Alhough he died over twenty years earlier, Bill’s influence upon Christine and Heed is still palpable in the 1990’s. They may have loved each other as children, but now they are enemies. Bill’s will, a note scribbled on a menu from 1958, is not specific enough; it leaves everything to that “sweet Cosey child,” and both Cosey women have a claim to that title: Christine is Bill’s granddaughter, while Heed was his child bride and called him “Papa.” Heed employs Junior to find a later will, and Christine visits a lawyer after pilfering the housekeeping money. The two women live at war in their Monarch Street house, while Junior establishes a sexual relationship with Romen, who is fourteen.

Behind the novel’s tight focus on the personal history of the Cosey family lies the public history of U.S. segregation and the movement toward desegregation. Working under the Jim Crow laws that separated African Americans and white people in public places such as schools, trains and buses, theaters, and resorts, Bill necessarily made some concessions to the white power structure to keep his establishment open and thriving. His friendship with the local sheriff, Chief Buddy Silk, resulted in morally dubious deep-sea fishing excursions and eventually in the sheriff developing and naming a town after himself.

The novel incorporates historical events of the 1950’s and 1960’s, including the U.S. Supreme Court decision in Brown v. Board of Education (1954) outlawing segregation in public schools, the Montgomery, Alabama, bus boycott, sit-ins, the murder of fourteen-year-old African American Emmett Till in Mississippi, and the Freedom Riders who fought the segregation of buses in the South. These events shake the security of the Cosey family, as white people in the South react violently to the quest for African American equality. After race riots and the death of a mixed-race couple at the resort, May Cosey, Bill’s daughter-in-law, is terrified that the hotel will be closed and someone will be lynched. Once African Americans achieve legal equality in the 1960’s, the resort begins to allow local African Americans to visit it, as its more wealthy patrons from other regions have acquired a wider variety of potential vacation spots. Heed must pay the sheriff’s son, Boss Silk, more protection money and finally resort to blackmail in order to keep the business afloat, until it finally closes in the 1980’s.

Sources for Further Study

Morrison, Toni. Remember: The Journey to School Integration. Boston: Houghton Mifflin, 2004. In her foreword to this pictorial history covering the years from 1954 through the 1990’s, Morrison refers to “a time in American life where there was as much hate as there was love; as much anger as there was hope; as many heroes as cowards.”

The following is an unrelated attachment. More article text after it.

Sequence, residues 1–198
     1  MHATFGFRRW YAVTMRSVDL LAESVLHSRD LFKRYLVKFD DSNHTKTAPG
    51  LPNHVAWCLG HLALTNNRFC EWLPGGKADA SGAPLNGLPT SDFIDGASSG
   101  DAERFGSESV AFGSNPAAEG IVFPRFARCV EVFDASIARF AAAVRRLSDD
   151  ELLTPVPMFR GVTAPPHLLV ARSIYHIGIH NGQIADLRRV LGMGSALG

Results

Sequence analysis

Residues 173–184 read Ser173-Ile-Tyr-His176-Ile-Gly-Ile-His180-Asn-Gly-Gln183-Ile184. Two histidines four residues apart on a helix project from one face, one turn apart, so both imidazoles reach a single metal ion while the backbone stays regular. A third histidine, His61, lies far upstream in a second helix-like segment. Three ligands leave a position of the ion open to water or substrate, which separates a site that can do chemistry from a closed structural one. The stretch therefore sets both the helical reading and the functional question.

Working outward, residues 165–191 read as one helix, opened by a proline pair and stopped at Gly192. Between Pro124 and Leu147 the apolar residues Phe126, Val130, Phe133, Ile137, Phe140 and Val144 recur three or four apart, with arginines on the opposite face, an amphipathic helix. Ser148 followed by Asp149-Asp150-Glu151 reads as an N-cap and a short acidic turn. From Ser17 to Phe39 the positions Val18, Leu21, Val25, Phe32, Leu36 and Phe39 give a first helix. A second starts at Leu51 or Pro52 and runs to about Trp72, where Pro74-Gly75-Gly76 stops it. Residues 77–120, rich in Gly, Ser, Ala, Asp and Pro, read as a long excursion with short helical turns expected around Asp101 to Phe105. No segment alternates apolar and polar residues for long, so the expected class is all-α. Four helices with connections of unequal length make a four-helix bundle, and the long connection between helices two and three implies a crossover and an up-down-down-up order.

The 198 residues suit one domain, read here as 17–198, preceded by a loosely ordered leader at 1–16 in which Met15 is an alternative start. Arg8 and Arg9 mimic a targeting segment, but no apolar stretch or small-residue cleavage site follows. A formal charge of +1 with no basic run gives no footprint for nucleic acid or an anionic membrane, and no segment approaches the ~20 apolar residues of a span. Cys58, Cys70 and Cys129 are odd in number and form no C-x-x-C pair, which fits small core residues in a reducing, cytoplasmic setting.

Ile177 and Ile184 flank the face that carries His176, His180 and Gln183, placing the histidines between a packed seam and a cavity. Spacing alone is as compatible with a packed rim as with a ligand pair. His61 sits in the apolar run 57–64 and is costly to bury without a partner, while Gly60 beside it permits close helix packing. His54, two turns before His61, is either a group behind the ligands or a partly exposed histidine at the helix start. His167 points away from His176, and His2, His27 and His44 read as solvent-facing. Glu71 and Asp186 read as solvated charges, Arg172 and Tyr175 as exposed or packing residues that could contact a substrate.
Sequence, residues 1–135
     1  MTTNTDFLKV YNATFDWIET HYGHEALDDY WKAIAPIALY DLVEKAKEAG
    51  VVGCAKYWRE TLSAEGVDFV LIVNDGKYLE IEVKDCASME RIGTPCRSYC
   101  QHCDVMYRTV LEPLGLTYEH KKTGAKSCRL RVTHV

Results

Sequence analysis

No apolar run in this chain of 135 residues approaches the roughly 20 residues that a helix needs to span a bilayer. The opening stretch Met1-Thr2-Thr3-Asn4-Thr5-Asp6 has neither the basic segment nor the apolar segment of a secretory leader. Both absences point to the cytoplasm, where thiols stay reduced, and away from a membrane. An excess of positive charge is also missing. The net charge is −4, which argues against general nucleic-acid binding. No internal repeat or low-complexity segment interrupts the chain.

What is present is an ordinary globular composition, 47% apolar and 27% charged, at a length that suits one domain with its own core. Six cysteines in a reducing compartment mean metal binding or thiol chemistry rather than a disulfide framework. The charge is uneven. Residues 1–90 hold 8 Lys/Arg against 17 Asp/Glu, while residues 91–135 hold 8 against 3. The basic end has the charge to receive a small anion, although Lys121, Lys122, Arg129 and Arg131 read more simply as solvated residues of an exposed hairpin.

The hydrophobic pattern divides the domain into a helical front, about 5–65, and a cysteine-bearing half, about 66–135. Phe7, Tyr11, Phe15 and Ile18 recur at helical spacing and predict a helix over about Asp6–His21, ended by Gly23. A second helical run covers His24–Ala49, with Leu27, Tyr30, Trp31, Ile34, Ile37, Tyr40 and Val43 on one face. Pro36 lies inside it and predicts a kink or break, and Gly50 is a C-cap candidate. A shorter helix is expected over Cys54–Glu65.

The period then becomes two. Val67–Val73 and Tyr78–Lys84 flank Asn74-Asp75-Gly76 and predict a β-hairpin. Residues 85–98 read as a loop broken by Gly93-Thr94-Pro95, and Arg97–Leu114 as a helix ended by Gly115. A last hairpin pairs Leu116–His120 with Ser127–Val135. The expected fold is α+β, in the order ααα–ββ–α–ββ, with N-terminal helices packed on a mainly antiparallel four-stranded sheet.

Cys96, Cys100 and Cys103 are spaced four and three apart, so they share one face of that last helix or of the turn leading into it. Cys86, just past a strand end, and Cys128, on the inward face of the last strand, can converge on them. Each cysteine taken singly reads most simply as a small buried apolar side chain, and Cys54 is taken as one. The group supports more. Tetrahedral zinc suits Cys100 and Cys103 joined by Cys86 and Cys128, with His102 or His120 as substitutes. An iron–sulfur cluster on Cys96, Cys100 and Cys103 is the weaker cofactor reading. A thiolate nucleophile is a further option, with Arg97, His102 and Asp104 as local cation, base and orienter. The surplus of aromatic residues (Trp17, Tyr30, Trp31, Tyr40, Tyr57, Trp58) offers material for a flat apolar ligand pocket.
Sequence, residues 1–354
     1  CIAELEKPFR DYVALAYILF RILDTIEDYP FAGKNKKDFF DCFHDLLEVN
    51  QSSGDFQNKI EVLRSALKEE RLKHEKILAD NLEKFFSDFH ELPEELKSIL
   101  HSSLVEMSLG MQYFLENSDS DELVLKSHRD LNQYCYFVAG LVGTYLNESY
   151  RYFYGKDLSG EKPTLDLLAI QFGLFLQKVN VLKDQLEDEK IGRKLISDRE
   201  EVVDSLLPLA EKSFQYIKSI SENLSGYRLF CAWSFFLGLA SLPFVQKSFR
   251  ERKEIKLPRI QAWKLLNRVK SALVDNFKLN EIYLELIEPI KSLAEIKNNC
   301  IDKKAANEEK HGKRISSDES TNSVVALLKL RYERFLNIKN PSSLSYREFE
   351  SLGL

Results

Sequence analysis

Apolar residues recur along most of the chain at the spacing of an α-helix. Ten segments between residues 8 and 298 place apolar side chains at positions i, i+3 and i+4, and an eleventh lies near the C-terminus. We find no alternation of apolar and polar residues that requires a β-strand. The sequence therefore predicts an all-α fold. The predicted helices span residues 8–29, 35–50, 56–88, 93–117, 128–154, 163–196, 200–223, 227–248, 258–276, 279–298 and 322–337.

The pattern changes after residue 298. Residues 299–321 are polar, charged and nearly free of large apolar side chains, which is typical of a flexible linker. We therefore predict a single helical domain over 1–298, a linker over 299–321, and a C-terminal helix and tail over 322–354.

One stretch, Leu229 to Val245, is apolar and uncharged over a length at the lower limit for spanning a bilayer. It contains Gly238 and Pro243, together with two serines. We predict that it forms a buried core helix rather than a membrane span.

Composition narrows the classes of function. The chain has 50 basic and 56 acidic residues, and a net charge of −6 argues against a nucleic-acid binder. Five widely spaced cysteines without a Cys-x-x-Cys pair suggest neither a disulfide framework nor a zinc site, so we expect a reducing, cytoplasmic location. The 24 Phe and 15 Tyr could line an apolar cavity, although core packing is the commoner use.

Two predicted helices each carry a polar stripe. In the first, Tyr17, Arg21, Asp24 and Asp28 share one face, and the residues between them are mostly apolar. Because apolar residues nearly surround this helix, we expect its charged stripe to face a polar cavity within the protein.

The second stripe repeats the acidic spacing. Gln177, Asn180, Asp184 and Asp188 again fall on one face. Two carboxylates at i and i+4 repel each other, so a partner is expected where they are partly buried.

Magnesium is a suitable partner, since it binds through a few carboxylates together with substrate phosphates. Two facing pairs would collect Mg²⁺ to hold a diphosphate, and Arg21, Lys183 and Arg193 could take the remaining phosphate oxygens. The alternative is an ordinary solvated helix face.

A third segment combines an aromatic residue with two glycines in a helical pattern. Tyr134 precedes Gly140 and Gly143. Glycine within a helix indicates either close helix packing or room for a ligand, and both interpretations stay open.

Pinckney, Darryl. “Hate.” Review of Love, by Toni Morrison. The New York Review of Books 50, no. 19 (December 4, 2003). Outlines the novel’s plot and points to Morrison’s “straightforward” but rich prose, her warring characters, and her evocation of African American history.

Roynon, Tessa. “A New ’Romen’ Empire: Toni Morrison’s Love and the Classics.” Journal of American Studies 41, no. 1 (2007): 31-47. Links the representation of rape in literature and history to classical works from Greece and Rome and classic American texts. Argues that the representation of rape in Love reveals and critiques the representation of traditional heroic masculine acts in literature and history as empowering colonization.

Rymer, Russ. American Beach: How “Progress” Robbed a Black Town—and Nation—of History, Wealth, and Power. New York: Harper Perennial, 2000. Provides a history of one of the many African American resorts that, like Morrison’s fictional one, flourished prior to integration and collapsed when schools and vacation spots were desegregated.

Wardi, Anissa Jane. “A Laying on of Hands: Toni Morrison and the Materiality of Love.” MELUS 30, no. 3 (Fall, 2005): 201-218. Analyzes the abstract concept of love as practical, healing action in the novel, focusing particularly on the materiality of touch, compassion, healing, and nurturing.